AmCham President Howard Liebman identifies several reasons that could explain this boost in confidence: "The 2014 elections brought a Belgian government to power that is clearly seen as pro-business. Investors feel the economic climate is less uncertain and business likes the new team's programme."
"In addition, the US economy is growing and many US businesses are flush with cash which they want to put to good use."
"Many American businesspeople were impressed by the Belgian government's response to the March attacks. And business recognises that Belgium is no more dangerous than anywhere else and probably safer than a lot of other places."
Belgium doing worse than Germany and the Netherlands
The survey conducted by ATKearney for AmCham Belgium reveals that as far as inward investments are concerned, compared to its neighbours, Belgium is losing ground. AmCham Belgium is eager to encourage investment here and believes that part of its job is to impress on Belgian decision-makers the views of its members, notably as to what needs to be done to maintain and promote a good investment climate.
Howard Liebman again: "Labour costs are an issue. We're not saying Belgians want to earn too much. It's the extra costs and in particular the social charges that are added to wages when a business wants to employ people. This total cost is higher in Belgium than in many of its neighbours."
The AmCham Belgium President also believes Belgium should press ahead with its plans to lower its headline corporation tax rate that is among the highest in Europe, even though the actual rate that has to be paid is often lower.
Howard Liebman: "When businesses are examining a greenfield investment, they often commission or conduct a study looking at the situation in the various countries that are in the running. They look at labour costs, tax rates, rent costs, communications, ease of transportation, and the like. There's a detailed report, but the busy CEO making the investment decision will often only have time to review an executive summary with a comparison of headline rates, and especially might not be aware of measures still in the pipeline. So it's important to get that right!"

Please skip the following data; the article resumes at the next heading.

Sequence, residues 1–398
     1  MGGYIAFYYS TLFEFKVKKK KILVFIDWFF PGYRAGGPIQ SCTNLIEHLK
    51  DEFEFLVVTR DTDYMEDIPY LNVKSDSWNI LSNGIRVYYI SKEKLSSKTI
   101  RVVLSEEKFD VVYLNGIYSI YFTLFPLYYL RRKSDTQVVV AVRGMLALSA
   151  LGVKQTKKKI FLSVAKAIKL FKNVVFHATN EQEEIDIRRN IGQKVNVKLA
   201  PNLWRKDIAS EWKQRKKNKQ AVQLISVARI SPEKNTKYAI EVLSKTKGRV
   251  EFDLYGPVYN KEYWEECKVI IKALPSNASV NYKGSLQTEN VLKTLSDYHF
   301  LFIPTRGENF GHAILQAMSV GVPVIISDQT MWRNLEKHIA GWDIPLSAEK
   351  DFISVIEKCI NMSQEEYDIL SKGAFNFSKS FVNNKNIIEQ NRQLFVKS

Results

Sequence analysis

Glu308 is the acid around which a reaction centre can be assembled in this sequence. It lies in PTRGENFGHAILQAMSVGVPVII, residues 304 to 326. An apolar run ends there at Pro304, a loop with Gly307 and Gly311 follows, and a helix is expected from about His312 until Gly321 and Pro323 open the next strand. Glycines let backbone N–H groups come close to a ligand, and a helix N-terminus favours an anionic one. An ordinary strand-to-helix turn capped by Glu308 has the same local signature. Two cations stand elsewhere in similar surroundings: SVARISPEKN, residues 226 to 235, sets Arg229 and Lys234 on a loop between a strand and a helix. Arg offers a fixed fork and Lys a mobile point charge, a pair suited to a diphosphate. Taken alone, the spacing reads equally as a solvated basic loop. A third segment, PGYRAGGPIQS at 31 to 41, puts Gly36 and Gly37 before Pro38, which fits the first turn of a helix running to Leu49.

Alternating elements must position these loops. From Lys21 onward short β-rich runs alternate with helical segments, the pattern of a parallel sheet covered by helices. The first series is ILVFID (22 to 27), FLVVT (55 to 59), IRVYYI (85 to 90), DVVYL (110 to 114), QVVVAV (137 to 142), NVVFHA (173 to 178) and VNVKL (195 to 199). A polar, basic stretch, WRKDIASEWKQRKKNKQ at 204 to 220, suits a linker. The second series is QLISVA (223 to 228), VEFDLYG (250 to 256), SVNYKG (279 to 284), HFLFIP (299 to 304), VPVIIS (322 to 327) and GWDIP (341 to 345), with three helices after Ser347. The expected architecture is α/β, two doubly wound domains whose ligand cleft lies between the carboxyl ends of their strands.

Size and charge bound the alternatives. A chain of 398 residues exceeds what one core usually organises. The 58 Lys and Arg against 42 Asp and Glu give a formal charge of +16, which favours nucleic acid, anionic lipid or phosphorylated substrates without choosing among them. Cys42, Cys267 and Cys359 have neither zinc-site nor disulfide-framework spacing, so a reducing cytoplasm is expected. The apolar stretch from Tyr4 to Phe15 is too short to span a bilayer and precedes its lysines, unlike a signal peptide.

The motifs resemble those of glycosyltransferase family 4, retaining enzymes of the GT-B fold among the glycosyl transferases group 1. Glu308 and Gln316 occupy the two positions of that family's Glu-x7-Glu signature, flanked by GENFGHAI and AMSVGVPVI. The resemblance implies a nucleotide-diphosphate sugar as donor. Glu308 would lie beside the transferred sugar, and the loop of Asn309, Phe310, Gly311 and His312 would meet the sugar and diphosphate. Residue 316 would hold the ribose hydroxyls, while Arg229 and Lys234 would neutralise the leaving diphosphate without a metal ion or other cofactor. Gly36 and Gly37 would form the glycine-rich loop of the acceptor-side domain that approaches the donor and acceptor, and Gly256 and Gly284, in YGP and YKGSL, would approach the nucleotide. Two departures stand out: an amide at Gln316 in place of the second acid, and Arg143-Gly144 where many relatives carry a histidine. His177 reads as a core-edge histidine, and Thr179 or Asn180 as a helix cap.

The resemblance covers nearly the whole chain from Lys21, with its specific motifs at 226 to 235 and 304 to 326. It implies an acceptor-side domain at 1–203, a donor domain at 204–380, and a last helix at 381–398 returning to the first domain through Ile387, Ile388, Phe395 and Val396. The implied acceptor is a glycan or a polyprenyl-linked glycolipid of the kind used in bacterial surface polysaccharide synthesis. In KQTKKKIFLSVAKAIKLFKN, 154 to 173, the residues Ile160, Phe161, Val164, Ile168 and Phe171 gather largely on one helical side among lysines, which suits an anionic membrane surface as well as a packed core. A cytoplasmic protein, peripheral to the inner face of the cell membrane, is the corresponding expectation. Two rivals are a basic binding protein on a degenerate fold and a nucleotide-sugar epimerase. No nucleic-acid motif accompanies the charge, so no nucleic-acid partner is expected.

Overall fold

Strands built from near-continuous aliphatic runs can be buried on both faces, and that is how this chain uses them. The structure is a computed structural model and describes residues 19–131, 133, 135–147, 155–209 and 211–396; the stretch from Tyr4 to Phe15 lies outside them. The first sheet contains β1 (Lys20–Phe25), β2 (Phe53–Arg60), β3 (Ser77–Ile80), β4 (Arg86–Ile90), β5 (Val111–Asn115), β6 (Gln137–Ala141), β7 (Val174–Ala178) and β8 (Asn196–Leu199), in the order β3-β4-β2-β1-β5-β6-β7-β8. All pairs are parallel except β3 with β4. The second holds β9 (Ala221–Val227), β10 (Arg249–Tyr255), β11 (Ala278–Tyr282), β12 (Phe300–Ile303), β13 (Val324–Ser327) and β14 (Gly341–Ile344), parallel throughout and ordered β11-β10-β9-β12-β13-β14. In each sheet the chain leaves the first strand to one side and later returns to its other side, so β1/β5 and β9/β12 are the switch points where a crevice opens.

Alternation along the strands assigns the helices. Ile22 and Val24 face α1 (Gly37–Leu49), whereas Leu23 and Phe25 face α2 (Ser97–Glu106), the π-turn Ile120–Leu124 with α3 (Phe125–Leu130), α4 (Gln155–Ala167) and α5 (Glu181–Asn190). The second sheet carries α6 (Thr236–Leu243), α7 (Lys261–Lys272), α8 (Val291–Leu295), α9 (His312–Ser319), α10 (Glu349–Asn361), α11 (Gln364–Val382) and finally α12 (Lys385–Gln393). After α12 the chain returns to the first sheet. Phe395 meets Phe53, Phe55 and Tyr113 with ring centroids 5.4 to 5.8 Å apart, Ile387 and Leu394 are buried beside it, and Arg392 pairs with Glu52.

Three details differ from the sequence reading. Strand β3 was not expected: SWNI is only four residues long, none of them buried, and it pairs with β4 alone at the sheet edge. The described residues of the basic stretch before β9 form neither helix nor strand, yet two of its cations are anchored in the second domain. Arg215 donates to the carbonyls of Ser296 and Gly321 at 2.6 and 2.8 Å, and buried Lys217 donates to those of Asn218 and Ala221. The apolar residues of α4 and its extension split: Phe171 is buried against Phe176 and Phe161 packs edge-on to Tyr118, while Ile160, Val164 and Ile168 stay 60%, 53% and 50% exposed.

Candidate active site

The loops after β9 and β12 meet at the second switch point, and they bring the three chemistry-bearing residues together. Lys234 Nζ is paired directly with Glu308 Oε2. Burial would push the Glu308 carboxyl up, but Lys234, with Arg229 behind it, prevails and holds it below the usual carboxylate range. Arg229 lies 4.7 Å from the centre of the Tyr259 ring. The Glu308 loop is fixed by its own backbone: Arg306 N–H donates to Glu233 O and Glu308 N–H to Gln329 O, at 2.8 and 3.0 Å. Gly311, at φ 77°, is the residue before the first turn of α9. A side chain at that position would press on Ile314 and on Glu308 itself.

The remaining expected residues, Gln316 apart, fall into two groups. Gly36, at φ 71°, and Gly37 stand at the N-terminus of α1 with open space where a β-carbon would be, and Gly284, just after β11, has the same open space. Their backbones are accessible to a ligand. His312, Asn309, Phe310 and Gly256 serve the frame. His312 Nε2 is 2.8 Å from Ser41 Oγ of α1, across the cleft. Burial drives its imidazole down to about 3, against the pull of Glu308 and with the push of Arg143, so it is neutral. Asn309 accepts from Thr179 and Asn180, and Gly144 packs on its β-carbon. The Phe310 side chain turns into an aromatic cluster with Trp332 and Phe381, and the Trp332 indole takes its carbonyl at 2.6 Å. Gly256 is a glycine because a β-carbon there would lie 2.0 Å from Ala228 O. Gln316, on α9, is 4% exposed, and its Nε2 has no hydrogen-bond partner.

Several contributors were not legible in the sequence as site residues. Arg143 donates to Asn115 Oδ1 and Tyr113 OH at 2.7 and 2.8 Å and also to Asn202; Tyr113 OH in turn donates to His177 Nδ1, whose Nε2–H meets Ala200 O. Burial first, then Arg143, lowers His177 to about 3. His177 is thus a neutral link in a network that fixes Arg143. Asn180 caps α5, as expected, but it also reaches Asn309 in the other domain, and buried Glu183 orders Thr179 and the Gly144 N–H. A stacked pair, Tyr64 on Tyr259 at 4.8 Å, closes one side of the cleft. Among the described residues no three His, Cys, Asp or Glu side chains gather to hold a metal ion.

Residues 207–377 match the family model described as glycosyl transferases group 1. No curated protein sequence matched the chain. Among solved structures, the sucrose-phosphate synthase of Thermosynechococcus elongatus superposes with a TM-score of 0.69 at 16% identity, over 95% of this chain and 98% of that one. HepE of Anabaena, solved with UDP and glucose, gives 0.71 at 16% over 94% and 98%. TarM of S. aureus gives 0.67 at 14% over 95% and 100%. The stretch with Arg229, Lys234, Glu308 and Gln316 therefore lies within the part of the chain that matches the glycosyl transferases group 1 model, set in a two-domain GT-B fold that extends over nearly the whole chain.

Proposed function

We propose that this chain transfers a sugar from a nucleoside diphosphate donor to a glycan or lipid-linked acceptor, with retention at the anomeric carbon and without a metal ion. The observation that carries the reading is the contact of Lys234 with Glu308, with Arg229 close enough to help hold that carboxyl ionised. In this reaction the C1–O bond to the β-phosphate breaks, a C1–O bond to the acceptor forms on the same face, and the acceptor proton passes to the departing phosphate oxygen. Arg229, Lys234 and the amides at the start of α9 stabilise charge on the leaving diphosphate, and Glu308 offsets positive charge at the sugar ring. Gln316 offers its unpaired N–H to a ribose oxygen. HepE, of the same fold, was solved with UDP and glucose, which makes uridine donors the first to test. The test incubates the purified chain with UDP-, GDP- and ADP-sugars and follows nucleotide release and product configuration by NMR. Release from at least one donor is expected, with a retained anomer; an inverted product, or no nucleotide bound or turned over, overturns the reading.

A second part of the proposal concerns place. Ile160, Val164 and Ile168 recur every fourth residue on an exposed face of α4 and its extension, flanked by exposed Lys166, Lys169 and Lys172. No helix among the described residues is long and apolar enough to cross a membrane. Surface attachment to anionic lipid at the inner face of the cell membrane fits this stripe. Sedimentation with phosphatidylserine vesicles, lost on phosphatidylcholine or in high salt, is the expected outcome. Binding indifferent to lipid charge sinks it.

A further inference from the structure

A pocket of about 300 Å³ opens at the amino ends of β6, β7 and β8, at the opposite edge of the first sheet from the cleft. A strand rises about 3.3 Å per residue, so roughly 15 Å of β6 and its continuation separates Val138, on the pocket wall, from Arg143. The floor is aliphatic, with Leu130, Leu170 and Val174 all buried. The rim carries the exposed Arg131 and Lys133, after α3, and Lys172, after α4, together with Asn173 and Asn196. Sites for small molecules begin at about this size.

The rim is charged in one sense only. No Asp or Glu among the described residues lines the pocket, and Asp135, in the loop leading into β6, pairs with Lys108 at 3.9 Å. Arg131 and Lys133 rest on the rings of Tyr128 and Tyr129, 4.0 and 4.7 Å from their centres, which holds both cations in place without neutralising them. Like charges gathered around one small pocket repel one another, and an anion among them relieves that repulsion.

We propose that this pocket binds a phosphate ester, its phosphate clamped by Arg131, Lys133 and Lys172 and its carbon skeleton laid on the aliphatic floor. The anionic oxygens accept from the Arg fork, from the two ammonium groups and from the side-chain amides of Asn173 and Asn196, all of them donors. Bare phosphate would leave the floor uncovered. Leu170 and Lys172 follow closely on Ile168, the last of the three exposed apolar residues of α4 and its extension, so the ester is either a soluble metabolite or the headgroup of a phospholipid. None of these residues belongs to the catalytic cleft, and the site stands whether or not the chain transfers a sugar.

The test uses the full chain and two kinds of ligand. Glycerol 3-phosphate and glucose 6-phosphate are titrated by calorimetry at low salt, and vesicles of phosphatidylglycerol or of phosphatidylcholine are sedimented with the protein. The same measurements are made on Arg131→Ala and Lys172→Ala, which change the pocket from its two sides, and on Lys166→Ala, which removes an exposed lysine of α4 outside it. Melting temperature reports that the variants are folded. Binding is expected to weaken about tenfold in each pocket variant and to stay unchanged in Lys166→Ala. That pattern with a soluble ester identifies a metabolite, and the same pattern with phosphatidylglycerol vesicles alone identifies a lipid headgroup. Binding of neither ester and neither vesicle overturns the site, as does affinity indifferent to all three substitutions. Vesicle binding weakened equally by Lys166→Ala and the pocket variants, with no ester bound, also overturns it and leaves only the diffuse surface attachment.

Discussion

Mobility issues an increasing worry
Belgium has always prided itself on its central location and good roads and rail systems as key advantages for businesses that want to get their goods to their customers quickly.
AmCham Belgium's Business Barometer identifies the challenge posed by mobility as one of the concerns that could hamper investment.
Howard Liebman: "Studies list Brussels as one of the most congested cities, though I've had similar experiences in London and Paris too. The recent financial and political crises have led, as an indirect consequence, to lower investments in the roads network. Then there have been strikes on the railways. In addition, Brussels Airport doesn't offer the same level of direct international routes to US cities and elsewhere as certain other competitors such as Schiphol, Orly or Frankfurt, let alone Heathrow."
"And then, when there's a problem with road maintenance there's always the question 'Who is responsible?' Is it the local municipality, the region or the federal government? This means it's often difficult to get repairs done."
"Good mobility is critical. Companies won't open facilities if they have worries about getting people or goods around."
AmCham serving a growing community
Belgium boasts over 900 American-owned businesses that provide employment for up to 140,000 people. Many other employees have a job indirectly thanks to the presence of American companies in Belgium.
The United States is thus a significant investor in Belgium and certainly among the top 5 foreign investors. A recent EY report put the US as the largest foreign investor when it comes to the number of new investment projects.
The American Chamber of Commerce in Belgium, AmCham Belgium for short, has over 500 members. The organisation organises training for US and other international companies active on the Belgian and/or US market and also encourages networking to ensure that the knowledge gained by businesspeople who have been working in Belgium for many years is passed on to newcomers and prospective investors.
AmCham regularly commissions a study on how American companies active in Belgium view the investment climate here. The recent "Business Barometer" is just one example, for which ATKearney processed information provided by 123 international businesses active in Belgium."